But the song was played on Sunday at The Hawthorns, an occasion which crackled and boiled and always threatened to spill over from the moment you could see fans spitting in each other’s directions before kick-off. On a Sunday morning.

Perhaps we all should have seen it coming. So desperate were these two sets of fans to resume their rivalry in person that, in 2022, thousands turned up for an under-23 cup game at The Hawthorns. Wolves had 2,000 in the away end and Albion’s fans invaded the pitch when their young team won after a penalty shootout.

“F*** off to Stafford, the Black Country’s ours,” reverberates around the home stands.

“Always s*** on a Tesco carrier bag,” comes the riposte from the away end.

They join only to curse each other during the loudest rendition of The Liquidator you could wish to hear. Harry J Allstars definitely did not envisage this.


Dawson, once of West Brom, squares up to Kyle Bartley (Marc Atkins/Getty Images)

The atmosphere is glorious but also tempestuous and spiteful. There are incessant boos for former Baggie Dawson (not helped by how he forced a move to Watford in 2019), who now wears gold and is a crucial component in Wolves repelling Albion’s early advances. They sing about geography, about Steve Bull, about Lee Hughes, about incest. It’s nasty.

Objects are lobbed at Tommy Doyle as he tries to take a corner. Wolves fans are thrown out of the Halfords Lane stand after celebrating Pedro Neto’s opening goal. And then in the 80th minute, it boils over.

Another Wolves fan in plain sight makes his allegiances known after Matheus Cunha makes it 2-0 and, in football violence parlance, it all kicks off in some of the most unsavoury scenes this fixture has ever witnessed.


Wolves fans celebrate a win at their bitter rivals (Malcolm Couzens – WBA/West Bromwich Albion FC via Getty Images)

Police storm to that corner of the ground to stop fights or thwart a pitch invasion, while the rest of the force are trying to stop another surge of Albion fans at the opposite corner of the stadium. The players flee and the game is halted. With security so focused on the two obvious areas of chaos, not one, not two, but three pitch invaders pretty casually enter the field of play without being stopped.

One Albion fan says hello to the Wolves bench before walking towards the Wolves away end, while a woman unsuccessfully tries to nutmeg a steward before being carted off. Then one man whose head is completely covered in blood is taken away in a scene resembling a horror movie rather than a football match.

The situation feels completely out of control and, for a while, it seems unlikely that the safety of the players can be guaranteed with police resources so stretched around the ground to quell the pockets of trouble.

Eventually, after more than 30 minutes, the mood calms and the game restarts in eerie near-silence. It feels like most of the stadium is in shock. Sure, it’s a feisty football match, but really?


Police attempt to control the trouble (Adam Fradgley/West Bromwich Albion FC via Getty Images)

All of which takes the gloss off Wolves’ first away Hawthorns win in almost three decades. And this means the sight of West Brom’s Kyle Bartley rescuing his children from the stands will define this latest edition of the derby, rather than images of Neto or Cunha celebrating.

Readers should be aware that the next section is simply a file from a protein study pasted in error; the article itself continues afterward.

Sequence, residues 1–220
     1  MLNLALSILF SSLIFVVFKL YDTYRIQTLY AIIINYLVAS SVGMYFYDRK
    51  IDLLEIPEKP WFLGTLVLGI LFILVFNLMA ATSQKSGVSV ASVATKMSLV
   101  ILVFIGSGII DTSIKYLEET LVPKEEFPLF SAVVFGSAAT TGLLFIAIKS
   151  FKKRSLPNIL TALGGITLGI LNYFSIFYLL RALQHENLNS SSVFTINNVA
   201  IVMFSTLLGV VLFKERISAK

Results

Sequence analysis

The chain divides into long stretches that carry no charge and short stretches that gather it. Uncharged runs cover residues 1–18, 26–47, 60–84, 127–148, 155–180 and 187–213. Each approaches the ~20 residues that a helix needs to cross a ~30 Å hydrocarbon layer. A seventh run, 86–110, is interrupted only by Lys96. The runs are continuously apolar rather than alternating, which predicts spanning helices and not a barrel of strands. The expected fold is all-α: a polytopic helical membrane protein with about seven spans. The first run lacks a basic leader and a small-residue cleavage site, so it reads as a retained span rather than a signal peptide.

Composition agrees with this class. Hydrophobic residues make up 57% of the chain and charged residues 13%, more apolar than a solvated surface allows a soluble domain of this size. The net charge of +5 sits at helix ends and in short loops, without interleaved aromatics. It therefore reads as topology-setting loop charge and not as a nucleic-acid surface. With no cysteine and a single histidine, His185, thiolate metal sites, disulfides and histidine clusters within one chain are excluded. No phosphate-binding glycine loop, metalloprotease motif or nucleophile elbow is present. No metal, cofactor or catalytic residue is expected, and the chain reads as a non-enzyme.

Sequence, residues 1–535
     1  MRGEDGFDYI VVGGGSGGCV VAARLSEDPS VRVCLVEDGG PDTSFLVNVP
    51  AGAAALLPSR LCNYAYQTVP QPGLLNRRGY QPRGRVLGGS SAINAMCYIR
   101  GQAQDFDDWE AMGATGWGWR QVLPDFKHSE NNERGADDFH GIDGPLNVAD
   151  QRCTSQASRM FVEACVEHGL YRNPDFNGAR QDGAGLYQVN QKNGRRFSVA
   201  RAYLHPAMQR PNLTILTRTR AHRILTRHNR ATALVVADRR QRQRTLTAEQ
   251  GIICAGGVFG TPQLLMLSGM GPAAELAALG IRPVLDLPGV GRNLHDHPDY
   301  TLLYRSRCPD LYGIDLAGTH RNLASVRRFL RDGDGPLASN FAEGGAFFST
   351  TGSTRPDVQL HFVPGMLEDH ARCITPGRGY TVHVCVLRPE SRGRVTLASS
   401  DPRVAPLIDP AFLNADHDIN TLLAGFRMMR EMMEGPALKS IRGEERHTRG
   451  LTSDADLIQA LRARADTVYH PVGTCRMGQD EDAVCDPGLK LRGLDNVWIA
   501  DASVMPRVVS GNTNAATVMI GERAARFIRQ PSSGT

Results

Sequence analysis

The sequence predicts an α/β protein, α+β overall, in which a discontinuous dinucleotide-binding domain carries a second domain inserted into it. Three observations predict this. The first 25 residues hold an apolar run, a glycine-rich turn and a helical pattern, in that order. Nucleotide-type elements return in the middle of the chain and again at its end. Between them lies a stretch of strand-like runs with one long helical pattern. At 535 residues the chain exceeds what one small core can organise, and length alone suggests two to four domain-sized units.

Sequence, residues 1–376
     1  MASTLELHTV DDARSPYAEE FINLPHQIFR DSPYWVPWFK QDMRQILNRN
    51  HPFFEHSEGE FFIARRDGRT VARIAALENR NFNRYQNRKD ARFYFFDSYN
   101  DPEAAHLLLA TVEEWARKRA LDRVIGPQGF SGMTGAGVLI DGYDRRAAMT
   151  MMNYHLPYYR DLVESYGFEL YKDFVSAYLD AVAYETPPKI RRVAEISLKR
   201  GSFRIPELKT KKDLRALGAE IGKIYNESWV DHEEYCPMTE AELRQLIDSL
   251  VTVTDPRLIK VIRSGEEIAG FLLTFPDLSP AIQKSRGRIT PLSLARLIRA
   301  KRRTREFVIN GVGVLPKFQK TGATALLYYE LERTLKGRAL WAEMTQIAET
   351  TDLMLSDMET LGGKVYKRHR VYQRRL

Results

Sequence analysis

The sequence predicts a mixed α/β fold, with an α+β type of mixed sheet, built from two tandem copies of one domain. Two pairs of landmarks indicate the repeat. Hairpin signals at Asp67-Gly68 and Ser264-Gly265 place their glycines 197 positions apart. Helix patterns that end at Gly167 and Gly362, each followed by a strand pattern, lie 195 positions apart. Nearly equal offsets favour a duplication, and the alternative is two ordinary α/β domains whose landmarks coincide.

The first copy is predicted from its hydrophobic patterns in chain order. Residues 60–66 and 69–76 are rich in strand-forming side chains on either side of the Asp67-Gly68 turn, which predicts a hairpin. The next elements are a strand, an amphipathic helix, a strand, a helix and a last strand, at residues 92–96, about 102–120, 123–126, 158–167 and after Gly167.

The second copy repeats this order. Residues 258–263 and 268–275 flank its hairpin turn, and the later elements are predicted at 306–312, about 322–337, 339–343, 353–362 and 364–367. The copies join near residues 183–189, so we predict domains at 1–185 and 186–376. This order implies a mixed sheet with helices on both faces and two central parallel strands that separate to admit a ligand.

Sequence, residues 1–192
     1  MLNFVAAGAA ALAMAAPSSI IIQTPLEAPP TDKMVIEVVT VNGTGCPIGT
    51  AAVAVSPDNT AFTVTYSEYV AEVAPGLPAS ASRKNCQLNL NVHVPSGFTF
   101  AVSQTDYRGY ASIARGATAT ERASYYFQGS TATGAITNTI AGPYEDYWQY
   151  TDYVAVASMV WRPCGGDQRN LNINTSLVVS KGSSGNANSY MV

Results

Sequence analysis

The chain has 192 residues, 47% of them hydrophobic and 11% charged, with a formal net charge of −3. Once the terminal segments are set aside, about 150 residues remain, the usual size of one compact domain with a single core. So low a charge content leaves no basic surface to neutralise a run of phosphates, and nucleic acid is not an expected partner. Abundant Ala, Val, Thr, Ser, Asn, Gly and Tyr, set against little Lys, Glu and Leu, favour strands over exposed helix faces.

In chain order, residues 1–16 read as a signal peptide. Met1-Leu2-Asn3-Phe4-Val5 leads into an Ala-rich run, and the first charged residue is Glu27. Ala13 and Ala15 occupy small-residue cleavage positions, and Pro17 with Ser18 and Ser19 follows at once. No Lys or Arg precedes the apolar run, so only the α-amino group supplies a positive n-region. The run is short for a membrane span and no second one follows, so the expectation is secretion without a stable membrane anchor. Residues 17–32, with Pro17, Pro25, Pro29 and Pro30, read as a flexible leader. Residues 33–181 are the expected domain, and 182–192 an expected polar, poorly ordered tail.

No wonder West Midlands Police cancelled annual leave for the day of the game. No wonder they kicked off at 11.45am — not that that did much good amid suggestions some pubs were open at 5am in Wolverhampton.

“It ruined the day and damaged the reputation of both fanbases,” a dismayed Faulker says. “You could feel it bubbling under the surface but one incident spiralled everything.

“I must say, the operation before and after the match to keep fans apart was immaculate. I didn’t see or hear of any trouble at all outside the ground. But it’s really sad to see; anyone who’s a real football fan regardless of allegiance can’t be happy with scenes like Kyle Bartley going into the crowd to protect his children.


Bartley leaves his pitch with his children after the game is suspended (Shaun Botterill/Getty Images)

“I know people saying they won’t go again to that fixture or they won’t take their children, which is completely understandable.

“There’s always been an edge to it; there’s always been people crossing the line. I remember Albion winning 2-1 at Molineux with Bob Taylor scoring, I came out of the stand and Wolves fans were on the bridge by the subway and lobbing bricks down at us. Some of the sights I saw that day… it was far worse than Sunday.

“Horrific things happen at this fixture but, in terms of the violence, it is often away from the stadium. No cameras. On Sunday, it was in the ground, on TV, there for all to see.”


Neto and the Wolves players enjoy the opening goal (Catherine Ivill/Getty Images)

There were six arrests, with police vowing to make more amid what they called “unacceptable violence”. A low ebb for this fixture but, in truth, also nothing new.

The Black Country derby, plastered across the nation’s TV screens for all to see. It ain’t pretty but, as those in blue and white or gold and black would tell you: “It’s ours.”

(Top photos: Getty Images; designed by Eamonn Dalton)